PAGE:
5 of 5 people found this review helpful

  • Overall
    2 out of 5 stars
  • Performance
    4 out of 5 stars
  • Story
    1 out of 5 stars
  • Grant
  • Arlington, VA, United States
  • 09-20-16

Dull, wordy, plodding

Full disclosure -- I have only listened to about a third of the book so far, but I may never finish it. The first 7 hours or so have been dull and slow and swimming in elegant but pointless verbiage. This is a gasbag of a book. I actually burst out laughing at one point -- the word 'blather' came to mind. For the love of God, get on with it! What is this all about and why should I care?

On the plus side, if you enjoy florid descriptions of nature, this is the book for you. If you love descriptions of other people appreciating nature and rhapsodizing to each other about it at great length, you have found Nirvana. Aficionados of stilted dialog will also be gratified. Apparently the gothic part of the book is coming, and with it some signs of life, but I don't think I will be along for the ride.

4 of 5 people found this review helpful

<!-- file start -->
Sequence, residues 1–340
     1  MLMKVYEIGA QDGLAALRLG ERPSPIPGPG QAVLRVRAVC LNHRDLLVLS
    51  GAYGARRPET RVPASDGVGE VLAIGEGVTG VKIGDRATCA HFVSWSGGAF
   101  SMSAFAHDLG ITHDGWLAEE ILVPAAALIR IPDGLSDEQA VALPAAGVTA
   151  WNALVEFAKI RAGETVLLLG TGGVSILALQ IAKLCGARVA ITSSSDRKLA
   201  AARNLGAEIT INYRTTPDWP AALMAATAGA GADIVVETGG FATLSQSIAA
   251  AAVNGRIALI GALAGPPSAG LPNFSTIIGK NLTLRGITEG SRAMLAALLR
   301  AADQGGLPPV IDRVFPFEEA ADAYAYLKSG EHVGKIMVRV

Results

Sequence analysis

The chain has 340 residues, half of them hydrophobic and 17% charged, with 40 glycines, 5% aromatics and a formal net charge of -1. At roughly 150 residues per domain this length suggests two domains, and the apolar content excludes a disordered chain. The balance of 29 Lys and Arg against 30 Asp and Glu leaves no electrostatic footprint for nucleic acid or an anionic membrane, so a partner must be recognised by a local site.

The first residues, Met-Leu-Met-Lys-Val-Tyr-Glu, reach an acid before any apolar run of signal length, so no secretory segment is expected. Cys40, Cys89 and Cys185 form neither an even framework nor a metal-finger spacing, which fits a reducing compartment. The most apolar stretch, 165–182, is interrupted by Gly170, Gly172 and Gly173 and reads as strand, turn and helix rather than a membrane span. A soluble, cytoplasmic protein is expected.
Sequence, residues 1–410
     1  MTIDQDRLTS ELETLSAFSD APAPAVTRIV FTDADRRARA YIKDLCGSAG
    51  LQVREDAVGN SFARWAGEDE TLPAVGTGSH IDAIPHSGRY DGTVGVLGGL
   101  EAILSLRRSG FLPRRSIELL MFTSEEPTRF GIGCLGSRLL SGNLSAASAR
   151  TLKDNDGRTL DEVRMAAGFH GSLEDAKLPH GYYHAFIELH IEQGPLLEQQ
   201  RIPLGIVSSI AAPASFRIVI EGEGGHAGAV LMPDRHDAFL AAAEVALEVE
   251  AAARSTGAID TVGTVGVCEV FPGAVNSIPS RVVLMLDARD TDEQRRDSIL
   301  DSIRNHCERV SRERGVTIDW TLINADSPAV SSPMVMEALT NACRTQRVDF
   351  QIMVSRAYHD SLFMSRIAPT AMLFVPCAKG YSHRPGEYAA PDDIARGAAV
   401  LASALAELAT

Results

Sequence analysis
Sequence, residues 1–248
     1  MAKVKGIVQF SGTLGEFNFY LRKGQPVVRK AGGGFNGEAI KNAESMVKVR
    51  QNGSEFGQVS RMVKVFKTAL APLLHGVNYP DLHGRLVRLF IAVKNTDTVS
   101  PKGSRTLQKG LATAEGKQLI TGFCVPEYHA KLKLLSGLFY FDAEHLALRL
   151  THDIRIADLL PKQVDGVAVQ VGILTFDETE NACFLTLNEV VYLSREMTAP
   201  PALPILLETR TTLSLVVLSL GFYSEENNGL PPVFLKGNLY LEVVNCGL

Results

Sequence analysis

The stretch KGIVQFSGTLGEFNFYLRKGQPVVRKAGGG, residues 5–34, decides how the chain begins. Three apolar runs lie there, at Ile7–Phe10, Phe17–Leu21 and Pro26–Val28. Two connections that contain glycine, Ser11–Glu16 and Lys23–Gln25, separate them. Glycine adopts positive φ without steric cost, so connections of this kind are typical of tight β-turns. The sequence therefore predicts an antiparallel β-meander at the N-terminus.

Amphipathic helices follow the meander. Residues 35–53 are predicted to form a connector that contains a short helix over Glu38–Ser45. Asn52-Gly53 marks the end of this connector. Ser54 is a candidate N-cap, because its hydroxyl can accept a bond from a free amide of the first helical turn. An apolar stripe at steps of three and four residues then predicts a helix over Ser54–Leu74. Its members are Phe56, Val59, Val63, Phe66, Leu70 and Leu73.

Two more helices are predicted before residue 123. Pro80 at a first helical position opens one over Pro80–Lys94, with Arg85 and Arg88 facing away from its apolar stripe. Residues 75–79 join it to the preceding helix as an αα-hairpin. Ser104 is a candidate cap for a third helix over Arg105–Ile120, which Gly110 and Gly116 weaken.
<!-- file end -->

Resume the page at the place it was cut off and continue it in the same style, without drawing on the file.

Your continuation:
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    3 out of 5 stars
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    4 out of 5 stars
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    2 out of 5 stars

Why All This Weeping and Wailing?

As a rule, I have little patience for reviews that condemn books merely for being works of their time. When dipping into an Arthurian Romance—the original works, not the modern knock-offs—expect several hundred yards of love-sickness, painstakingly delineated. Turning to the Victorians, don’t be surprised to find heavy-handed (Dickens) or witty (Trollope) critiques of society. And the social attitudes expressed in classic hardboiled detective fiction is what makes them, well, hardboiled. I get it. But Ann Radcliffe has pushed me over the edge. In the interest of fair play, I perused the introductory essay in our paperback copy of Udolpho, hoping my irritation and impatience were misplaced. But even there I found only faint praise. And we all know what that does.